The entire financial and political Establishment, all of the media, educated elites, and even powerful foreign leaders like the President of the United States, were all bearing down on anyone thinking of voting Leave. While most of them could not have cared less what the elites thought, some small chunk was intimidated into public silence -- but privately voted enthusiastically for Leave.

I think that's what's going on with Americans who are answering "don't know" -- it's the "Shy Trump" voter. By now, you know pretty well who you're for, there is no middle ground for fence-sitting with such polar opposite choices, and the matters are of fundamental importance (immigration, trade, war, corruption, and so on).

The entire world is hammering you over the head to vote Clinton or be cast out of respectable society forever, so if that were your choice, why not proudly admit that you're going with the socially sanctioned choice? Some of these "don't know" voters could decide to vote third party (also not very acceptable in what you perceive to be a do-or-die election), but most are going to vote Trump. And of course some may wimp out of voting at the last minute, despite passing through the "likely voter" screen on the poll. At any rate, Clinton will get very few of these, and Trump will get the plurality.

That's all pretty good news for the Trump movement.

There are, however, a few things working against us that were not at play in Britain. They have to do with rigging the election. All ballots were paper and counted by hand in the EU referendum. We are using mostly electronic machines, and in many deep blue states the company making them is owned by George Soros. We will need good exit polling to see if they've been mechanically rigged -- if there's more than a 2-point difference between the exit polls and the reported result.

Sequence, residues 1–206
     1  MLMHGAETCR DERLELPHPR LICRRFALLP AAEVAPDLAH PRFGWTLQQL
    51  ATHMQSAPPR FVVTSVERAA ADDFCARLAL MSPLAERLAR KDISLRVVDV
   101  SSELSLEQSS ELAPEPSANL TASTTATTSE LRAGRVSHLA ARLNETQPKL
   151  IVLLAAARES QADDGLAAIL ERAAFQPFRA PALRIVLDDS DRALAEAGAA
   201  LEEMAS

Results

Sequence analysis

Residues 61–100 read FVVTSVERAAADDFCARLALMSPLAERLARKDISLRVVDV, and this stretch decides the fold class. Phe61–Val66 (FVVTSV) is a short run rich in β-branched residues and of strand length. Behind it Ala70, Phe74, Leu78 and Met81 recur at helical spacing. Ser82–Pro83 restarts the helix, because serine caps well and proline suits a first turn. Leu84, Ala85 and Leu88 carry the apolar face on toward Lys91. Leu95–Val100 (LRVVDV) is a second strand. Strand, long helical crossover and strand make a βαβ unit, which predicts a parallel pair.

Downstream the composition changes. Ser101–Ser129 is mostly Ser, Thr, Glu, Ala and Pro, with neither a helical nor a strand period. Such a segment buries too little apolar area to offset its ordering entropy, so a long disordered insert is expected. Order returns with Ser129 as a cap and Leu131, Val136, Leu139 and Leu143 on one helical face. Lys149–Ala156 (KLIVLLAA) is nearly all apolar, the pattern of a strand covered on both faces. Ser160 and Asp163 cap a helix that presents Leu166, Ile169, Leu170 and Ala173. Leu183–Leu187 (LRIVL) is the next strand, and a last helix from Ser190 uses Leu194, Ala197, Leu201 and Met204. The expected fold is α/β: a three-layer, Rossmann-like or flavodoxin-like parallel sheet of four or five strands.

We also have more endemic corruption in our cities, specifically relating to elections, than they do in England. These cities with one-party rule and large non-white populations are the biggest threat to an honest and fair election, and unfortunately they are located in several states that we are looking to win -- Philadelphia and Detroit, for example.

I'd say that means a closer race than Brexit, as far as the initial reports are concerned. There could be voter fraud and election theft involved if we lose Pennsylvania or Michigan (definitely if we lose Ohio). That would take awhile to resolve. But with all the preparation Trump and others have been doing to deal with those contingencies, there's not much else we can do or worry about.

As far as last-minute shocks, the GOP Establishment launched a failed coup with the hot mic tape and coordinated desertion. That's why Trump's numbers have been holding more or less even over the past week or so, when they should be entering the final upward phase of the wishy-washy cycle. I don't know whether that's better or worse than some wacko on the Leave side killing a Remain MP a week before the vote. And yet the Leave side survived that last-minute crisis.